The boredom, stress, camaraderie, and sheer strangeness of trying to do good while insurgents are trying to blow you to bits are at the core of this fairly simple but exceptionally powerful wartime drama of an elite bomb squad in Iraq.
The politics and hypocrisies of war are generally subjugated by screenwriter Mark Boal (In the Valley of Elah) in favour of keeping a documentary eye and ear on how the team copes with their jobs when their careful, considerate team leader (Guy Pearce) is killed, and later replaced by a cocksure ex-Texas Ranger (Jeremy Renner) whose style and persona starts to put everyone else in danger.
Renner’s Staff Sergeant William James isn't a flat villain; as the character himself expresses near the end of the film, he doesn't know why he's perfectly wired for war; whether team members die or are in a stressed-out states, James stays calm and psychologically agile, and he knows that building support in weaker members is vital not just for his on safety, but to get the job done.
Kathryn Bigelow's film runs just over two hours, but with the exception of a near-end scene involving home life between James and wife Connie (Evangeline Lilly), it's a perfectly paced drama with great chunks of tension. A key scene where James reveals himself to be an excellent leader (as well as diminish his colleague's desires for some personal revenge) is when his group is caught in a desert cross-fire between rebel snipers.
The battle is played out over long distances: each killer aims and fires sharp little salvos until the winner is left standing. The scene goes on for quite a while – midday thru dusk – but it's used to show how the needs of the job (or mission, for that matter) quash internecine conflicts, as well showcase the competition that fuels rival snipers.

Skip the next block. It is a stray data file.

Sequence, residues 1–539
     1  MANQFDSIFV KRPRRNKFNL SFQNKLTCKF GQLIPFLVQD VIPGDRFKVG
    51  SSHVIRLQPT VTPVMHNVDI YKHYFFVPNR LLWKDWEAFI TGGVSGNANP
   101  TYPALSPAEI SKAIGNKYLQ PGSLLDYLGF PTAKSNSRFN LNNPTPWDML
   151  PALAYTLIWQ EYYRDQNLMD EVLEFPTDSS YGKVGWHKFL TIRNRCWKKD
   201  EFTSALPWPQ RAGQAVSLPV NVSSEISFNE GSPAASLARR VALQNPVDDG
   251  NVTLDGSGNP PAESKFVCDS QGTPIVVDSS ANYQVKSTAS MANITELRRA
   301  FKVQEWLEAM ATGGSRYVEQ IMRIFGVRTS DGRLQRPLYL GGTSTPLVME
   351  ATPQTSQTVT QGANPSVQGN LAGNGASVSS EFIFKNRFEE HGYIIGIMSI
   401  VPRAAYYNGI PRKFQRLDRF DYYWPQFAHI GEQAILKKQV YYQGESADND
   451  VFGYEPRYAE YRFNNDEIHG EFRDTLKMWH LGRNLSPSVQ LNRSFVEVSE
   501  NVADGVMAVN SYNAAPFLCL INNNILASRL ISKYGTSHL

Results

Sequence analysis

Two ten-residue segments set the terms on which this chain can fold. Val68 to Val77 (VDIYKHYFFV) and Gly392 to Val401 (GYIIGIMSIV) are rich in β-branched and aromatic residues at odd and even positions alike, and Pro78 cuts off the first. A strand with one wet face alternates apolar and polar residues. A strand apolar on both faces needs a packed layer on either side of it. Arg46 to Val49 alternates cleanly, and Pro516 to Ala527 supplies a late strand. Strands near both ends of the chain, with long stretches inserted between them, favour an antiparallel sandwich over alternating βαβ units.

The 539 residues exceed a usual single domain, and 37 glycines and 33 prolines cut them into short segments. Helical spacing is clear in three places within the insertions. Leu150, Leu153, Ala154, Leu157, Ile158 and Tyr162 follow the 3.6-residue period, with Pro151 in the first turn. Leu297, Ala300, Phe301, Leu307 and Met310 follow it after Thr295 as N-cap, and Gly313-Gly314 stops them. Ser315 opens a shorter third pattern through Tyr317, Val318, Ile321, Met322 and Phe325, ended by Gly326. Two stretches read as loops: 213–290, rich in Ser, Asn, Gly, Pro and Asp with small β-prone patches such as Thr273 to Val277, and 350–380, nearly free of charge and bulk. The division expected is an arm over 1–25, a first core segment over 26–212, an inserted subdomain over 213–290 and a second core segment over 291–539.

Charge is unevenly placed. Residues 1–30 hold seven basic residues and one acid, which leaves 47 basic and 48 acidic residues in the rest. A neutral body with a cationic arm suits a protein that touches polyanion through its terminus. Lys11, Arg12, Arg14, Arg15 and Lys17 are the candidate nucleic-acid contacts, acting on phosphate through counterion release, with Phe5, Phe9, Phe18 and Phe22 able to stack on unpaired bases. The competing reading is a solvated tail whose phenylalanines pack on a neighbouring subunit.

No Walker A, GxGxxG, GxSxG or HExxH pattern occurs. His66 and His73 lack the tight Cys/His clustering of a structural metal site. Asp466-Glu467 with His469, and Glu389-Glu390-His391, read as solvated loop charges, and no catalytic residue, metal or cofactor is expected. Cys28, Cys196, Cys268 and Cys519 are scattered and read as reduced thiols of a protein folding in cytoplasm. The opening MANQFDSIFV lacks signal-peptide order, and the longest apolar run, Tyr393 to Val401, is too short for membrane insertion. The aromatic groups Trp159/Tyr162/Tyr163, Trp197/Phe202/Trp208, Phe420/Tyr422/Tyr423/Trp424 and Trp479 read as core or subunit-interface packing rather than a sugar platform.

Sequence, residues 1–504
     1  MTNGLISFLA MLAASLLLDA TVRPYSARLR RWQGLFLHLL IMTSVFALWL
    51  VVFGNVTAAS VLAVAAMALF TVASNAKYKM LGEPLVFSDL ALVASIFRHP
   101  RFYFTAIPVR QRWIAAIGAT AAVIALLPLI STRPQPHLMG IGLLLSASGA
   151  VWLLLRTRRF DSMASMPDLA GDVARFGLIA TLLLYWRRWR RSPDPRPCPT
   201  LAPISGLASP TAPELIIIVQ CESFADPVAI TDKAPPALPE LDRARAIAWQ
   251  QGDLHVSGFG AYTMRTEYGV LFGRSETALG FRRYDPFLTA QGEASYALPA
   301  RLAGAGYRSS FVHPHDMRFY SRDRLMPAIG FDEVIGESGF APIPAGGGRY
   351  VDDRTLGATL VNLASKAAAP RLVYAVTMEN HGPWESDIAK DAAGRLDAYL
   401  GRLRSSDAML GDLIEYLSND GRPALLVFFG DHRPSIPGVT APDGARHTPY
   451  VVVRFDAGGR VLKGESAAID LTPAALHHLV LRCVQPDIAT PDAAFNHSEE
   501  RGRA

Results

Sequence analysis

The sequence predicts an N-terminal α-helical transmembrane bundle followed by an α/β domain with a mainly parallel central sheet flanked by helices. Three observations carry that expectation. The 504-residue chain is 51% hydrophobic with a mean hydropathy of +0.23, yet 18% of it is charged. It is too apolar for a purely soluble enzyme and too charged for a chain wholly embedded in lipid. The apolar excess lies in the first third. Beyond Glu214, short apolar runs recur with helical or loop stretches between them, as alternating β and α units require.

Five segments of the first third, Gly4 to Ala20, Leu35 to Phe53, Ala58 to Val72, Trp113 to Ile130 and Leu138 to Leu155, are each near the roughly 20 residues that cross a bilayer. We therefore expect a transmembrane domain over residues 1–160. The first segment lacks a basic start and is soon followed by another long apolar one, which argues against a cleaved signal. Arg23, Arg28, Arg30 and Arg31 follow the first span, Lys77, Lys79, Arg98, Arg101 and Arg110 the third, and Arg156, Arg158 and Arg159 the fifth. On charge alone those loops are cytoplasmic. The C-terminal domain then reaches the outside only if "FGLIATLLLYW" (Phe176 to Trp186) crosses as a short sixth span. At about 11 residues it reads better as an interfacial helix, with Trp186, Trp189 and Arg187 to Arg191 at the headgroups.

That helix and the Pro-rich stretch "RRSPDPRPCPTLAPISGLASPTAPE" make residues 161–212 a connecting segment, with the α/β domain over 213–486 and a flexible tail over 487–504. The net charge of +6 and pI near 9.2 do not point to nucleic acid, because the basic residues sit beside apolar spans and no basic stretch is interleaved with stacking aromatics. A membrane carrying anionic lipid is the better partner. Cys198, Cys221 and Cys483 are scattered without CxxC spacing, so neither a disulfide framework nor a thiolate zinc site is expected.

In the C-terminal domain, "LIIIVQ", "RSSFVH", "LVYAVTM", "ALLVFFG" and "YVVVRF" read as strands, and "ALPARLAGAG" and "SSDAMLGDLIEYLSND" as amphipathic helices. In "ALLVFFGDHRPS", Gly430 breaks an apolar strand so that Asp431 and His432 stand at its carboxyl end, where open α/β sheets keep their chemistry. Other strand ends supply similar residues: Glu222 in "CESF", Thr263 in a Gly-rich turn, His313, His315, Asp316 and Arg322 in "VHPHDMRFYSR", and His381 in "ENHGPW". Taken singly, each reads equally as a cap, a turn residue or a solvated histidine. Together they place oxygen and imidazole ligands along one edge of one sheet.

Perhaps the only sneaky political commentary happens when the team encounters a group of British bounty hunters (led by Ralph Fiennes) prior to the sniper battle. The hunters' chief concern is getting their prisoners back for a cash reward, and it quietly infers the overall unfairness of well-paid bounty hunters whose tour ends whenever their greed is sated, and the lower paid infantry whose tour runs much longer.
By focusing on the men and not the politics, the film is more subversive in the way it conveys the nihilistic traits of war: certainly during the pre-surge period during which the film is set, no one is winning, and the only gains are in carnage and the insurgents’ inventive methods of delivering an explosive payload.
Bigelow (Near Dark) shot the film in Jordanian and Kuwati locations, and the use of jittery (but not seasick) documentary camerawork places the viewer at the perimeter of every drama, whether it's on a dusty street, or the barracks of the demolition team.
The sound design is also quite naturalistic, with good use of silence as well as Dolby gunfire and explosions, and the score by Marco Beltrami and Buck Sanders is fairly minimal and respectful in the way it weaves between scenes.
A powerful little film, and one of Bigelow's best works to date.
© 2009 Mark R. Hasan